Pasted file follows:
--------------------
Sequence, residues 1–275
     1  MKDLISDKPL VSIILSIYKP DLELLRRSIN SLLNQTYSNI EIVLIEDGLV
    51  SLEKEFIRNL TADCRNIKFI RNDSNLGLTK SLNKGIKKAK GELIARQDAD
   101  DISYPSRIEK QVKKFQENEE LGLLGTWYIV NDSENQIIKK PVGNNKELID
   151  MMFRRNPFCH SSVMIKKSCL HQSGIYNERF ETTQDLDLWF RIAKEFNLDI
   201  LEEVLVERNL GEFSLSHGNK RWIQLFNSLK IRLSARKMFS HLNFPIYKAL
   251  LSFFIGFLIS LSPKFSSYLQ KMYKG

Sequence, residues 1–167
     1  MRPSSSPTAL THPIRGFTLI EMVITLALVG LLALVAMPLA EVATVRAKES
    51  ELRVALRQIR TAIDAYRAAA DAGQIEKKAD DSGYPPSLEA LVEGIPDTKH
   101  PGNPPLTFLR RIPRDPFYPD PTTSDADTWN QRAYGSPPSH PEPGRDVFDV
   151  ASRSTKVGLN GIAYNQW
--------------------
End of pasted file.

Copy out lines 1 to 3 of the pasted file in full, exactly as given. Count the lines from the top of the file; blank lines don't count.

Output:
Sequence, residues 1–275
     1  MKDLISDKPL VSIILSIYKP DLELLRRSIN SLLNQTYSNI EIVLIEDGLV
    51  SLEKEFIRNL TADCRNIKFI RNDSNLGLTK SLNKGIKKAK GELIARQDAD